Tonsillectomy


By

Dr. T. Balasubramanian M.S. D.L.O.


Indications for tonsillectomy:
Infections:
1. Recurrent acute tonsillitis - more than 6 episodes / year or 3 episodes / year for more than 2 years.
2. Recurrent acute tonsillitis associated with other conditions like :
    Cardiovascular disease associated with recurrent streptococcal tonsillitis.
    Recurrent febrile seizures.
3. Chronic tonsillitis that are unresponsive to medical management and associated with
halitosis, persistent sore throat and cervical adenitis.
4. streptococcal carrier state unresponsive to medical treatment.
5. Quinsy
6. Tonsillitis associated with abscessed nodes.
7. Infectious mononucleosis with severely obstructing tonsils that is unresponsive to medical management.

Obstruction:
1. Sleep apnoea
2. Adenotonsillar enlargement associated with cor pulmonale, and failure to thrive
3. Dysphagia
4. Speech abnormalities (Rhinolalia clausa)
5. Cranio facial growth abnormalities
6. Occlusal abnormalities

 Other causes

1. Embedded foreign body
2. Tonsillar cysts
3. As a surgical approach to other structures like
    Styloid process
    Glossopharyngeal nerve
    Parapharyngeal space

Surgical indications for adenoidectomy:
Infections:
1. Purulent adenoiditis
2. Adenoid hypertrophy associated with
    CSOM with effusion
    Chronic recurrent acute otitis media
    CSOM with perforation
Obstruction:
1. Excessive snoaring
2. Sleep apnoea
3. Adenoid hypertrophy associated with
    Corpulmonale
    Failure to thrive
   Dysphagia
   Speech abnormalities
Others:
Adenoid hypertrophy associated with chronic sinusitis





















Fig showing chronic tonsillitis

 In children adenoid and tonsils are removed together in one sitting.  Removing the tonsils leaving the adenoid in situ may lead on to compensatory adenoid enlargement causing problems at a later date.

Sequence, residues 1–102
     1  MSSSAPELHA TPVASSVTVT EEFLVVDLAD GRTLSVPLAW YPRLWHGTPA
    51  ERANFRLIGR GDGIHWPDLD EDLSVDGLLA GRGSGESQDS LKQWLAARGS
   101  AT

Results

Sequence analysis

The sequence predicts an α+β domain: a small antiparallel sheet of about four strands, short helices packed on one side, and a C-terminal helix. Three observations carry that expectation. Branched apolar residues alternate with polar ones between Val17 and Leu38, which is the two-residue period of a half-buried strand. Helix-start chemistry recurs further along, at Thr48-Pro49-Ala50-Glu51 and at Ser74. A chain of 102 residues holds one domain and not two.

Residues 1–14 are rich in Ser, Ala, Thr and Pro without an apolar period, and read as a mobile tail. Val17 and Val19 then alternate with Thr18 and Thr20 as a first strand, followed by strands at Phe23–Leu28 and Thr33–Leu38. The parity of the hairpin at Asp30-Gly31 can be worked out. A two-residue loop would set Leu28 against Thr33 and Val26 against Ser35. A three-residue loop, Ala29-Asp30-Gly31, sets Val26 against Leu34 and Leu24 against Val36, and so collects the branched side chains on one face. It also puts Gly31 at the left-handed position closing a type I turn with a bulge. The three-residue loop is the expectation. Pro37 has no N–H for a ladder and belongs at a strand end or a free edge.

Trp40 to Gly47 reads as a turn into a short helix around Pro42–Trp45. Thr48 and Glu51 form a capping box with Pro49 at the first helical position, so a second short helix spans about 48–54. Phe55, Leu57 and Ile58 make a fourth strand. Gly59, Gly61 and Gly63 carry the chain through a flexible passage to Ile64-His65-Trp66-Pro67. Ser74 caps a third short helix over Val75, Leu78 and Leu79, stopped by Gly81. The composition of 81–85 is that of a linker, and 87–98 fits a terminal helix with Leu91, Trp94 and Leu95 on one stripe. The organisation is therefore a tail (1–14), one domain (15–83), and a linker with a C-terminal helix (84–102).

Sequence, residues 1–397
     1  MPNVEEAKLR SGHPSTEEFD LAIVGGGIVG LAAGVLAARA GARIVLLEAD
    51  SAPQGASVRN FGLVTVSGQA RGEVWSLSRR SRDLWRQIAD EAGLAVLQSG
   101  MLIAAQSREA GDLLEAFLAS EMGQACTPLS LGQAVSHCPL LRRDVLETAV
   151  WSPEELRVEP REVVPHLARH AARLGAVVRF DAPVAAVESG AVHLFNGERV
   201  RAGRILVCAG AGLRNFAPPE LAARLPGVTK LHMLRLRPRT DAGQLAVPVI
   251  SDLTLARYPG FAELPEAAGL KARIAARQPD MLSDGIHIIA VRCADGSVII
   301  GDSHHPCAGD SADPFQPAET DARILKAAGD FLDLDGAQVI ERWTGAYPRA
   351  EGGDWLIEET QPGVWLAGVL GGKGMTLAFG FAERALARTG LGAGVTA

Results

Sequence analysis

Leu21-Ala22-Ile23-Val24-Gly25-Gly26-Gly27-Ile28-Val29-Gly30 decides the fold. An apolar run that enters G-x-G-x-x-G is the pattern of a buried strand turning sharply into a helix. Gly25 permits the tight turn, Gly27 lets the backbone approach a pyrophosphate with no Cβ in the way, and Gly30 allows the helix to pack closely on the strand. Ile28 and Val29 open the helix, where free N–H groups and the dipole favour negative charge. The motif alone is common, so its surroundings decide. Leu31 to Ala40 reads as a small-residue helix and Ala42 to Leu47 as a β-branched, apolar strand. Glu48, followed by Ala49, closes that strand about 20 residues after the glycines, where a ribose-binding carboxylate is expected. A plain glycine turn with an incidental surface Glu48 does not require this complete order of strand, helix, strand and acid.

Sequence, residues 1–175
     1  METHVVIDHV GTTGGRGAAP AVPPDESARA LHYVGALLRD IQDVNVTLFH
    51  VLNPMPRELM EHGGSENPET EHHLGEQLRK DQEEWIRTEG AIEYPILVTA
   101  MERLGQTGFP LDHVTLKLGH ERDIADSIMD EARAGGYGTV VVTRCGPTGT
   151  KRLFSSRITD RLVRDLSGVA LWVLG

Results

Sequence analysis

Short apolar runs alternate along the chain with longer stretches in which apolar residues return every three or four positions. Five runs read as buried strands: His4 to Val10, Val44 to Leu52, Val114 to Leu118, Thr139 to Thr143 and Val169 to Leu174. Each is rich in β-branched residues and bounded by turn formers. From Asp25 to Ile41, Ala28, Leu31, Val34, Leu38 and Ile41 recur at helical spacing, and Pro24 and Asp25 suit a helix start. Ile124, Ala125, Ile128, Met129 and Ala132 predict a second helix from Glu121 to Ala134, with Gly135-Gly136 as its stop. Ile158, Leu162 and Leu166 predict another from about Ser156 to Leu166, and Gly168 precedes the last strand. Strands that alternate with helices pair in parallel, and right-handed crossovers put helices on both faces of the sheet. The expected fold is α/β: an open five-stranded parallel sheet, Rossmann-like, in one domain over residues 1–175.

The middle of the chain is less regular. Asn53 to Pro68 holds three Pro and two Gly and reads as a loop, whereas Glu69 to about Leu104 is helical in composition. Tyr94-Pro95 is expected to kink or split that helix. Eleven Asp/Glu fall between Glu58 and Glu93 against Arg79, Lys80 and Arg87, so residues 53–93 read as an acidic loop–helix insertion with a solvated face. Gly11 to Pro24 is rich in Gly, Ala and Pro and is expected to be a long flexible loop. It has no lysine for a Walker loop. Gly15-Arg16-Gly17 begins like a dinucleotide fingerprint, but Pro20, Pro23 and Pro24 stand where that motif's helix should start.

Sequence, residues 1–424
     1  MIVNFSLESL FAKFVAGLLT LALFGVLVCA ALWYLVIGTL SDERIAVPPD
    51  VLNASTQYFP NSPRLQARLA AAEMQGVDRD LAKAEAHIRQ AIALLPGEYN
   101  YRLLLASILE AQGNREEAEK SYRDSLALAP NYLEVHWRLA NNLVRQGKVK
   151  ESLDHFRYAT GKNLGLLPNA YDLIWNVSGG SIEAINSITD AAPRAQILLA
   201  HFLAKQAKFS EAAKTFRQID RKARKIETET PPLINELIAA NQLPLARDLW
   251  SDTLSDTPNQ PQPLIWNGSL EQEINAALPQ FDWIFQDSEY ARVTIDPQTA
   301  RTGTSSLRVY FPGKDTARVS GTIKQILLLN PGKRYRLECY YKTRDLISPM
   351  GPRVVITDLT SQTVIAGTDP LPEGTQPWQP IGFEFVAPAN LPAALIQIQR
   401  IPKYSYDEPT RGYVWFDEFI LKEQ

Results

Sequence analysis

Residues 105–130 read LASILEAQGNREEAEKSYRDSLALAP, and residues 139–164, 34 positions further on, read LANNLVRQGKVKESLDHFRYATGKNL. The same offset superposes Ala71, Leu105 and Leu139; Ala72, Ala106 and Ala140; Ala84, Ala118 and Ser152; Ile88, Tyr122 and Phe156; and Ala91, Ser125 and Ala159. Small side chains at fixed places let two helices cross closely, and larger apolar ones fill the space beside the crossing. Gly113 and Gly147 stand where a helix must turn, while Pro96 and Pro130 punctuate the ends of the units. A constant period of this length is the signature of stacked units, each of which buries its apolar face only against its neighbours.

The surgery is performed under intubational general anaesthesia.
Various methods are available for removal of tonsils:
Guillotine method: The tonsils were removed during olden days using this method.  This method has been abandoned because of the risks of bleeding.  In this method a guillotine is used to simply chop off the tonsil.  This term guillotine is derived from the French which literally means chop off the head.  In medivial France prisinor's life was taken off by this method.
Dissection and Snare method:  This is the commonly used method to perform tonsillectomy today.  The tonsil is dissected along with its capsule and lifted out of its bed.  It is ultimately removed using a tonsillar snare which is also known as the Eve's snare. Snaring the tonsil has a distinct advantage. Since the tonsil is crushed before it is cut, bleeding is minimised. At this juncture it must also be pointed that blood supply to the tonsil reaches it through its lower pole. The advantage of this method is that the procedure is safe, bleeding is less and the tonsil can be removed in toto without any remnants.
The patient is put in Rose position. This position owes its name to a staff nurse by name Rose who suggested this position to the surgeon. In fact it must be called as Sister Rose position. In this position both the head and neck are extended. This is done by keeping a sand bag under the patient's shoulder blade.






















Fig showing a patient put in Rose position with a sand bag under the soulder blade.


Advantages of Rose position:

1. There is virtually no aspiration of blood or secretions into the airway.

2. Both hands of the surgeon are free. This position helps in proper application of the Boyles Davis mouth gag.

3. The surgeon can be comfortably seated at the head end of the patient






















Figure showing the Boyles Davis mouth gag applied.


Boyles Davis mouth gag has 2 components:

1. The tongue blade - known as the Boyles tongue blade

2. Mouth gag - Davis mouth gag.

The mouth gag is held in position by a M shaped stand called as the jack or by a Draffins pod. During surgery the mouth gag must be frequently released and reapplied. The mouth gag applies intense pressure to posterior 1/3 of the tongue causing certain amount of disruption to its blood supply thus leading on to intense tongue pain post operatively. Thus frequent release of the mouth gag during surgery reduces to some extent this type of pain.

CryoTonsillectomy:

Tonsillectomy can also be performed using a cryo probe. CryoSurgery is a process in which very cold instrument or substance is applied to tonsil and it is removed by the process of repeated freezing and thawing. The temperature reached during cryo is dependent on the medium used :